How Much Should an Employer Contribute to an Employee’s Healthcare Costs?

Updated: November 04, 2009

Let's face it, some type of healthcare reform will be passed by Congress and signed into law by President Obama within the next 6-12 months. Healthcare reform is too big of an issue to Obama to not pass something. The question still remains though as to what it will include. The question on many small business owners minds is, what will it mean to me and my business? My educated guess is nothing if you are already providing health benefits and paying the majority of the premium for the employee.

So let's say that you are already providing benefits to your employees and paying for the majority of the employee-only premium if not the dependents as well; are you paying too much? This is a complicated subject because if you contribute too high of a percentage, you have people participate that wouldn't otherwise since the coverage is essentially "free" or close to it, but if you don't contribute enough, you can't meet the minimum participation requirements of the carrier and experience adverse selection where only the sick people take insurance.

One way to tell whether you are contributing too much is to look at how many employees are electing employee-only coverage. If you have a normal distribution demographically speaking of employees within your firm, then you should have people of all ages. You should see a portion of employees who are single that elect employee-only coverage, a portion that are married that elect employee-spouse, a portion that may be divorced or widowed who elect employee-child(ren), and a portion that elect employee-family coverage. If you see a lot of employee-only coverage, then you may be contributing too much. A very high level of employee-only coverage (unless you typically employ a younger demographic, say recent college graduates) usually indicates that your employees are taking your coverage because you are paying for it and their spouses and possibly dependents are participating in another plan. Think of it this way, if a couple with no children both work at places with employer-sponsored plans, then it is typically way less expensive for each of them to take the employee-only coverage from their respective employers and let the employer cover the majority of the premiums. The same can be said for employee-family coverage. Employee-child(ren) coverage is typically half as expensive as employee-family coverage so if you are covering the majority of the employee-only premium and none of the dependent coverage, it is likely the employee will elect employee-only coverage and the spouse will elect employee-child(ren) under their employer-sponsored plan since it will be a lot less expensive than insuring everyone under one plan and electing employee-family coverage.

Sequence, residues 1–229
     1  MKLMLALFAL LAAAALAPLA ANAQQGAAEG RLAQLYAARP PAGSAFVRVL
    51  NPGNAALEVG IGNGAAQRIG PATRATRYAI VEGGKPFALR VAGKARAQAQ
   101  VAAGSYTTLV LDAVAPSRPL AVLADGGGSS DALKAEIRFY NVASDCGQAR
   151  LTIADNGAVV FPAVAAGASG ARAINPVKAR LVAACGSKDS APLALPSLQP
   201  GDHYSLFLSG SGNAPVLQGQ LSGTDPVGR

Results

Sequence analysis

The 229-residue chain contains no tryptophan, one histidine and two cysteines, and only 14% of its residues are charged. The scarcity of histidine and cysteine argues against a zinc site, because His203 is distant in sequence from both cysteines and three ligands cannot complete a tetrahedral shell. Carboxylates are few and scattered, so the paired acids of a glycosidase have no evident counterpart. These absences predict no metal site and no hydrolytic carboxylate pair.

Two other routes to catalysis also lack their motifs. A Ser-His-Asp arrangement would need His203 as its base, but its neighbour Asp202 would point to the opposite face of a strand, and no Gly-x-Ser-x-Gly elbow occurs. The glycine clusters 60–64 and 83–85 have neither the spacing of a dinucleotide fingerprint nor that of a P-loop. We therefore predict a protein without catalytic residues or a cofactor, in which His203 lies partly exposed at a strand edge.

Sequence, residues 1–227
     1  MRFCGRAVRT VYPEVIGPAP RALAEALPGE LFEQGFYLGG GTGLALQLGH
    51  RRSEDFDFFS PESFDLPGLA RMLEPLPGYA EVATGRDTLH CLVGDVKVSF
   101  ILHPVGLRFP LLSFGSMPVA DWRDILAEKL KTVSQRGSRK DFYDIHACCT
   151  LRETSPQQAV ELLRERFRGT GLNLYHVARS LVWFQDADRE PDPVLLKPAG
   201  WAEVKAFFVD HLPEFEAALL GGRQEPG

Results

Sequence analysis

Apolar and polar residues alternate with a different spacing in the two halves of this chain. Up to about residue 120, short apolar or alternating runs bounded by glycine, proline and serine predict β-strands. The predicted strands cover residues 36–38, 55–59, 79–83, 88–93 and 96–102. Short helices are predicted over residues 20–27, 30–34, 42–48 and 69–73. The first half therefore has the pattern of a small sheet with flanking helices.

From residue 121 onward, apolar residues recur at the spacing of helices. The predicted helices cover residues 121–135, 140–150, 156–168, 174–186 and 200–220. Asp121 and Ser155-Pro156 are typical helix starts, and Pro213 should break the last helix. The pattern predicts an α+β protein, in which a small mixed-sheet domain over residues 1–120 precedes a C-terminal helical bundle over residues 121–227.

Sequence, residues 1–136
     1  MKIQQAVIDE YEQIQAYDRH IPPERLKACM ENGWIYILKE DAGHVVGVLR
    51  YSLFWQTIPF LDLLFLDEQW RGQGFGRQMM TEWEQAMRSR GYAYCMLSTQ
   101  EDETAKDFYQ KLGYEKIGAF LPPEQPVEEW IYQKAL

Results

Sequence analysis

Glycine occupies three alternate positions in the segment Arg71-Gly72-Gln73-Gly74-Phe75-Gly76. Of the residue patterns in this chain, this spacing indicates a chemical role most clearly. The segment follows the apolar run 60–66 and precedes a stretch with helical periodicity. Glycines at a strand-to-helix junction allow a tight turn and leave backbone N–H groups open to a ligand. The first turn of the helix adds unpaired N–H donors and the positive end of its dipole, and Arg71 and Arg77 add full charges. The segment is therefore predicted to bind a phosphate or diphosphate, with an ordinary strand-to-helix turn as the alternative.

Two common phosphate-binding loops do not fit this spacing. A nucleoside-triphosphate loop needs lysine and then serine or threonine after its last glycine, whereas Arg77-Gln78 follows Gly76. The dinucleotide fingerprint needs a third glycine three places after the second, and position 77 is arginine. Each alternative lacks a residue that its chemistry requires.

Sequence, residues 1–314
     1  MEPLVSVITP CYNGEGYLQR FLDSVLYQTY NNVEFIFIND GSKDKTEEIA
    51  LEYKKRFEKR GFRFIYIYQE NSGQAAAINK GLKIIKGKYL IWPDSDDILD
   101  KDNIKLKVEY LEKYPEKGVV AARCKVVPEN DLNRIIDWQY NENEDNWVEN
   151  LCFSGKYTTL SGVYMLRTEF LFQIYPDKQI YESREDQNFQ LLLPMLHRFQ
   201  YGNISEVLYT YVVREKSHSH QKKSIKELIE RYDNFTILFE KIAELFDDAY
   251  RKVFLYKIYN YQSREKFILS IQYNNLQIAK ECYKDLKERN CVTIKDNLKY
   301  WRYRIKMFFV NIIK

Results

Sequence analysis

My recommendation to employers is to take the money you are now spending on the employee-only premiums, let's say 75%-100% of the individual premium, reduce the contribution level some, and take the difference and contribute it towards the dependent coverages. This makes the employee-only coverage just costly enough that it weeds out those employees who take it only because the employer is paying for most if not all of it, but it also brings the cost down for the dependent coverages and will typically increase participation at the dependent levels. By increasing dependent participation, especially children, the carrier collects additional dollars but typically pays out less in claims overall which equates to healthier renewals for the employer. To get some additional statistics on employer contribution trends, click this link and view The Kaiser Family Foundation and Health Research & Education Trust's 2008 Summary of Findings.

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